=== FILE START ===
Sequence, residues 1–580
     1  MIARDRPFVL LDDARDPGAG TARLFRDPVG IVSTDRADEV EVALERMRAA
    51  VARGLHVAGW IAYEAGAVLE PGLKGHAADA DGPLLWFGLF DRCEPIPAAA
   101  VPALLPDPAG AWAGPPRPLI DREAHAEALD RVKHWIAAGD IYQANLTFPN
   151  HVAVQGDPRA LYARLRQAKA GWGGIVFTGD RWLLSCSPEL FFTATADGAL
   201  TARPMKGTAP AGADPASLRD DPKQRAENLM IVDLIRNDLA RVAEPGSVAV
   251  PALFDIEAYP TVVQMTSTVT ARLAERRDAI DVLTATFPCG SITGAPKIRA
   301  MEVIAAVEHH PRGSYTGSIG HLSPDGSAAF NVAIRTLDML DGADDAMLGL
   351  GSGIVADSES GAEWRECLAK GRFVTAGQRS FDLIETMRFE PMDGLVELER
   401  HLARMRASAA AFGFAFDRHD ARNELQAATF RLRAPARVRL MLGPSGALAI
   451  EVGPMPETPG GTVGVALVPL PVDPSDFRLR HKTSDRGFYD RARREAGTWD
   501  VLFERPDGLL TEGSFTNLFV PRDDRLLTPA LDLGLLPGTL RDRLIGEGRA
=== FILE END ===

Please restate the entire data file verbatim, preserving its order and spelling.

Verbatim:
Sequence, residues 1–580
     1  MIARDRPFVL LDDARDPGAG TARLFRDPVG IVSTDRADEV EVALERMRAA
    51  VARGLHVAGW IAYEAGAVLE PGLKGHAADA DGPLLWFGLF DRCEPIPAAA
   101  VPALLPDPAG AWAGPPRPLI DREAHAEALD RVKHWIAAGD IYQANLTFPN
   151  HVAVQGDPRA LYARLRQAKA GWGGIVFTGD RWLLSCSPEL FFTATADGAL
   201  TARPMKGTAP AGADPASLRD DPKQRAENLM IVDLIRNDLA RVAEPGSVAV
   251  PALFDIEAYP TVVQMTSTVT ARLAERRDAI DVLTATFPCG SITGAPKIRA
   301  MEVIAAVEHH PRGSYTGSIG HLSPDGSAAF NVAIRTLDML DGADDAMLGL
   351  GSGIVADSES GAEWRECLAK GRFVTAGQRS FDLIETMRFE PMDGLVELER
   401  HLARMRASAA AFGFAFDRHD ARNELQAATF RLRAPARVRL MLGPSGALAI
   451  EVGPMPETPG GTVGVALVPL PVDPSDFRLR HKTSDRGFYD RARREAGTWD
   501  VLFERPDGLL TEGSFTNLFV PRDDRLLTPA LDLGLLPGTL RDRLIGEGRA